Amidst the financial crisis, celebrity investor and author Jim Rogers, is a relaxed man as he anticipated the crisis and was on short positions on the financial sector stocks that crashed. Having sold his house in New York and settled in Singapore with his family, Rogers, in an interview with HT, said that Asia is the place to be in the 21st century.
Did you anticipate the crisis, and are you investing now?
Yes, I anticipated it and that is why I took short positions in 2006 and 2007 on investment banks, banks and real estate financiers. I am not investing now and if the economies get better, commodities are the place to be as shortages are developing.
Your take on the recovery?
It’s all artificial and just feel-good driven by pumping money into the system. People who have got money are happy but people in places from where the money has come are not better off. Some European economies were in bad shape and governments there have been lying about the real situation. Most European countries, such as Greece, Ireland, Spain, Portugal, Italy and even France, have big deficits and debts, and I think the problems in the west have not been solved.
How is Asia placed in this?
All creditor nations are in Asia but Asia, too, will have to suffer so long as the west has problems, which will be there for a while. Europe and the US are 10 times the Chinese economy, so the problems in the west have to be sorted out.
In the 1920s and ’30s, there was a historic shift from UK to US, exacerbated by the financial crisis. The same is happening now from the US to Asia and that, too, under the financial crisis. To me, it is a simple shift and and you are at the right place at the right time as the 21st century belongs to Asia.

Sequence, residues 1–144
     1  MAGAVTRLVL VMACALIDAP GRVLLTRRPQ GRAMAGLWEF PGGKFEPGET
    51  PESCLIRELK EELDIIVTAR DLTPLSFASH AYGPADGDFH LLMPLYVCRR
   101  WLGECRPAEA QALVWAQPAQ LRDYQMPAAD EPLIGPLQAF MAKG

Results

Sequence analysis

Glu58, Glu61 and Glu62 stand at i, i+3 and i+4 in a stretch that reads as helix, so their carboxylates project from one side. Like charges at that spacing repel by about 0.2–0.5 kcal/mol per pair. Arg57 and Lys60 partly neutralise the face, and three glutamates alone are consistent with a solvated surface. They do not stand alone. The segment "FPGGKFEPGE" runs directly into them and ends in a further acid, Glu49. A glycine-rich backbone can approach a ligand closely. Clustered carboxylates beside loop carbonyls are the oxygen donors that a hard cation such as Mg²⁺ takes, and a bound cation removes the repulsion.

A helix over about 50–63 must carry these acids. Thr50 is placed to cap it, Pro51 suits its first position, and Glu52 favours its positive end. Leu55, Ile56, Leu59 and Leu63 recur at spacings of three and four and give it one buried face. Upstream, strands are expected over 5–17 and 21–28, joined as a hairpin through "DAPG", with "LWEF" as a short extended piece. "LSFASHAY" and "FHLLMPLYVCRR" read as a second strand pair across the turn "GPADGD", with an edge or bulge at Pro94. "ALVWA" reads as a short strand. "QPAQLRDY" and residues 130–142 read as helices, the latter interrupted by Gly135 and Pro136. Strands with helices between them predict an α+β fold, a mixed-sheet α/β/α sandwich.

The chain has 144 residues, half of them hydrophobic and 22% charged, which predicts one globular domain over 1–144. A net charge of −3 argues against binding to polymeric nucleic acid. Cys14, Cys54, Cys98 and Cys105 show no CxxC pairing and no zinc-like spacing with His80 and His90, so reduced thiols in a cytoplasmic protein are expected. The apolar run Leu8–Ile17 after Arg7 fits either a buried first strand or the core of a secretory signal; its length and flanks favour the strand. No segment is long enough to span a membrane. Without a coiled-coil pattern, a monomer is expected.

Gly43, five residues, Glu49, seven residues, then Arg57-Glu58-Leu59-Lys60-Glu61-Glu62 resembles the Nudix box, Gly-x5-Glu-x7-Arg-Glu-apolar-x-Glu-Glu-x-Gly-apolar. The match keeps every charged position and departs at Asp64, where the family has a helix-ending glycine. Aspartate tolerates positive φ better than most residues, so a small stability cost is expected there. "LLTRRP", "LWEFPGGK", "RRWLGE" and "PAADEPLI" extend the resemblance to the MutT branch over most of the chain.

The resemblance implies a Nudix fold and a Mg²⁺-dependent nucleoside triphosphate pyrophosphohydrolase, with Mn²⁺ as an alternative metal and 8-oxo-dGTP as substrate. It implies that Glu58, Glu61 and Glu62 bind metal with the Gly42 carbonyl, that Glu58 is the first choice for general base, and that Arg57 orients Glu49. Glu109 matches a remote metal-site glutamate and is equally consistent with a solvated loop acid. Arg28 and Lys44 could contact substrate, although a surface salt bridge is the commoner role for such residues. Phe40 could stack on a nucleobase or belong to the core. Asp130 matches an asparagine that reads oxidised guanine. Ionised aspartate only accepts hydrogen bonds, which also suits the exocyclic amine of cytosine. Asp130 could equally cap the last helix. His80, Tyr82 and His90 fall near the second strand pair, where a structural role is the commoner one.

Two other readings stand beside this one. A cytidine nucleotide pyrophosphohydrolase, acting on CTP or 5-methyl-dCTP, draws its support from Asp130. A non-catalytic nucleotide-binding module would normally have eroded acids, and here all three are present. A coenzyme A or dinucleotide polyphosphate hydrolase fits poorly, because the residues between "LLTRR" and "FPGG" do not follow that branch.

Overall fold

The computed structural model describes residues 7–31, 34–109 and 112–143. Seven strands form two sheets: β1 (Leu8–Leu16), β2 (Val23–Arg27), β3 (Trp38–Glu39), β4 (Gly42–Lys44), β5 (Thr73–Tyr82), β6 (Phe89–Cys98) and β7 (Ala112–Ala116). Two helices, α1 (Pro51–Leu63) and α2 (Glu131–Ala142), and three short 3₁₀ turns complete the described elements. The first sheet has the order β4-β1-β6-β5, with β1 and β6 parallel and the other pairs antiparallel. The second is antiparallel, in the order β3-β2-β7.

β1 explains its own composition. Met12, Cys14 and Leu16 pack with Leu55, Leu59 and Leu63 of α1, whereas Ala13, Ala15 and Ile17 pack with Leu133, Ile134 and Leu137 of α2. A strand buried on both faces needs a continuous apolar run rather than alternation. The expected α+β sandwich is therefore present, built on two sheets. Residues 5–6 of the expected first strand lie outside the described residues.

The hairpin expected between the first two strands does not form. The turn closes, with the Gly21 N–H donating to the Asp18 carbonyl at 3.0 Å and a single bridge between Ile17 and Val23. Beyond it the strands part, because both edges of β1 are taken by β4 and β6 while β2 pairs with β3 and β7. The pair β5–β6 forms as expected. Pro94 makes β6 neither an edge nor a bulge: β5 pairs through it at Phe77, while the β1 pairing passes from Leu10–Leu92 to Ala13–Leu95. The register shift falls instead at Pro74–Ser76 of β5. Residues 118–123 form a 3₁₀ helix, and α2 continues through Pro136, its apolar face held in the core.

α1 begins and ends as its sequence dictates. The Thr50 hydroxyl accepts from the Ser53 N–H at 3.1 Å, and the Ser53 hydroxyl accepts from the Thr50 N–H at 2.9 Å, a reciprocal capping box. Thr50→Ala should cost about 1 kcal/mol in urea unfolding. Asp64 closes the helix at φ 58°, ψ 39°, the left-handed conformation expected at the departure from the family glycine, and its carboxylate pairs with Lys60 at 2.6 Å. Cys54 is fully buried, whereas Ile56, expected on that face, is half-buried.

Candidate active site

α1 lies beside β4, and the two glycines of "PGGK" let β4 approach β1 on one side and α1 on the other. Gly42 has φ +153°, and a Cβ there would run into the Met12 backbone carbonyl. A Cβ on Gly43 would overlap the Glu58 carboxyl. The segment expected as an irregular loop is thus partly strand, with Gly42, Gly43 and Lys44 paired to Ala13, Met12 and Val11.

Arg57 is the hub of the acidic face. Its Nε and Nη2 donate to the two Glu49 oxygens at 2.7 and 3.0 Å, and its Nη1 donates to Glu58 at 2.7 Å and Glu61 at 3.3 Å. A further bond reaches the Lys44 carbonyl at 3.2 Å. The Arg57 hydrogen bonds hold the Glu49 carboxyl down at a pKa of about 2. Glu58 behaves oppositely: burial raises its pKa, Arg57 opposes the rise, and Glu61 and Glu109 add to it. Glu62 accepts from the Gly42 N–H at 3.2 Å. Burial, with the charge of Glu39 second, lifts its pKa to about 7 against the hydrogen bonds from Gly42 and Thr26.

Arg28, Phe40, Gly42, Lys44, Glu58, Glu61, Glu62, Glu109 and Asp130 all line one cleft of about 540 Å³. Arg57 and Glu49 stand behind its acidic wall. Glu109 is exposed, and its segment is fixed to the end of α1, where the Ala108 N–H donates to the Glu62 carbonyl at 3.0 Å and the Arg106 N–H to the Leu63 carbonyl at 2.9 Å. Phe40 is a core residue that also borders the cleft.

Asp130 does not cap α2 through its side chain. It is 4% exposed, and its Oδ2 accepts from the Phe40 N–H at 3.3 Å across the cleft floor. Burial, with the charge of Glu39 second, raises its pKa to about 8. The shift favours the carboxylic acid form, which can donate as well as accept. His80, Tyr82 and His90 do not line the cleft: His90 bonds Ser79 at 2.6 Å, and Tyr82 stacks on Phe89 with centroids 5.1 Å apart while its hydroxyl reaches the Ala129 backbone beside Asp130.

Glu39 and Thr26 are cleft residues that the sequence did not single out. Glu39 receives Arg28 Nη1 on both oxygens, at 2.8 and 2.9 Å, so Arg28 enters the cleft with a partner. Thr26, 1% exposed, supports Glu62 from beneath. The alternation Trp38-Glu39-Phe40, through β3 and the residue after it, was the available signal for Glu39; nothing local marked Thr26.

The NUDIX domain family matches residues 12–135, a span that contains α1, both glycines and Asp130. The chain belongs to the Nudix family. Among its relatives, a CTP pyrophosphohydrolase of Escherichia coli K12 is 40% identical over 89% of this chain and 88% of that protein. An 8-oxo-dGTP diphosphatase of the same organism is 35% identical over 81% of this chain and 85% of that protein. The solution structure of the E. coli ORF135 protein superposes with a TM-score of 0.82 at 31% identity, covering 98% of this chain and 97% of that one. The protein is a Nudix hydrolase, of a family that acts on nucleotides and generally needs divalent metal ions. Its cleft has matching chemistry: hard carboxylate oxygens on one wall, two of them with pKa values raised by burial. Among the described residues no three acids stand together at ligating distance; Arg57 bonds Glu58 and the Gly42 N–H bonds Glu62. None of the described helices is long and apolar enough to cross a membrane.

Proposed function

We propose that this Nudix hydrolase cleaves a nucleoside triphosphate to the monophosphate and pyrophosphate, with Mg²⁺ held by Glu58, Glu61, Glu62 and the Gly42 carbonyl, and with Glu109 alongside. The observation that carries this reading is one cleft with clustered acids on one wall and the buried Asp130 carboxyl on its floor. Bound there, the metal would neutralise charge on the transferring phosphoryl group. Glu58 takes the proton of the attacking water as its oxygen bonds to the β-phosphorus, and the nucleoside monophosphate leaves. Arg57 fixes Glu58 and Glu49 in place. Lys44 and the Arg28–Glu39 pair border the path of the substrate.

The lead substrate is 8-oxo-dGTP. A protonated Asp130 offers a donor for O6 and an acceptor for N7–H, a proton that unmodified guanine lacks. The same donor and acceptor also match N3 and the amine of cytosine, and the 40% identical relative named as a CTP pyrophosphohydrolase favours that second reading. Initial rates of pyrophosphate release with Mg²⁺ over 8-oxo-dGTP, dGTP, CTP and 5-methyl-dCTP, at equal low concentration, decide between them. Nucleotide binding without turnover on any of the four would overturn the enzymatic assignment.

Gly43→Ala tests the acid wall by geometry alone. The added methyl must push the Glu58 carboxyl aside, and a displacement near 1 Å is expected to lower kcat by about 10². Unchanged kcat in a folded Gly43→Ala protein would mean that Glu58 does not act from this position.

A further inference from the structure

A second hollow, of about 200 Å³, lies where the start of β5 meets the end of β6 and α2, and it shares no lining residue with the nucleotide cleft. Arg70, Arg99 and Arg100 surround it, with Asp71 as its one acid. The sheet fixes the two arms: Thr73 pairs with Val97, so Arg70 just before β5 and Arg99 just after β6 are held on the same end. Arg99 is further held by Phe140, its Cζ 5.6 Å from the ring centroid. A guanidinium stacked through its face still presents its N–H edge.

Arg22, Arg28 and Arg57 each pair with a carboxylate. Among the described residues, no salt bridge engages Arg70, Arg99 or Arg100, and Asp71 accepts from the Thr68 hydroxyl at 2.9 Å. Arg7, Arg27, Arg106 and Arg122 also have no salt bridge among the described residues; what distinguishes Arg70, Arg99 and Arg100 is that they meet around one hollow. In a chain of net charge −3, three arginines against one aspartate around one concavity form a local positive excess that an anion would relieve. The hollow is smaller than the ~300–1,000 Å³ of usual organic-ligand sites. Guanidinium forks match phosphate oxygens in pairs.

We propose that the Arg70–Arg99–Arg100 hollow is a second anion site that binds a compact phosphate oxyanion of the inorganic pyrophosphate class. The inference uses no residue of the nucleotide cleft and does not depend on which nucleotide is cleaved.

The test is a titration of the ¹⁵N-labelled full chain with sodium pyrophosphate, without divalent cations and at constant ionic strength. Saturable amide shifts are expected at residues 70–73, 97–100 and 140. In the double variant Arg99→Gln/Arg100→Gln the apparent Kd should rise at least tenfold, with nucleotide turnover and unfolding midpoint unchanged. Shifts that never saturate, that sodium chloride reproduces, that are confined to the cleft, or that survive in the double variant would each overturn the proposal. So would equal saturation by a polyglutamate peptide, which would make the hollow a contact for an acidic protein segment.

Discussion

Where does it all lead to?
The internationalisation of world has been good but as more economic problems come up, I fear that people will close up and countries will adopt protectionism, which is not good for the world. Some developing countries have already started doing this. Brazil has imposed some special taxes on people putting money in their country. America, too, is becoming more and more protectionist. If (these movements) gather steam, protectionism will grow. You won’t have free flow of capital, goods and people. Money trapped in a country creates bubbles.
Are you positive about India?
I am keen on India but it will have to work to reduce its debt. This limits the future growth because much of the increased growth goes into servicing debt. India will have to further open its currency and make it freely convertible, (and) open its markets so that they are freely investible.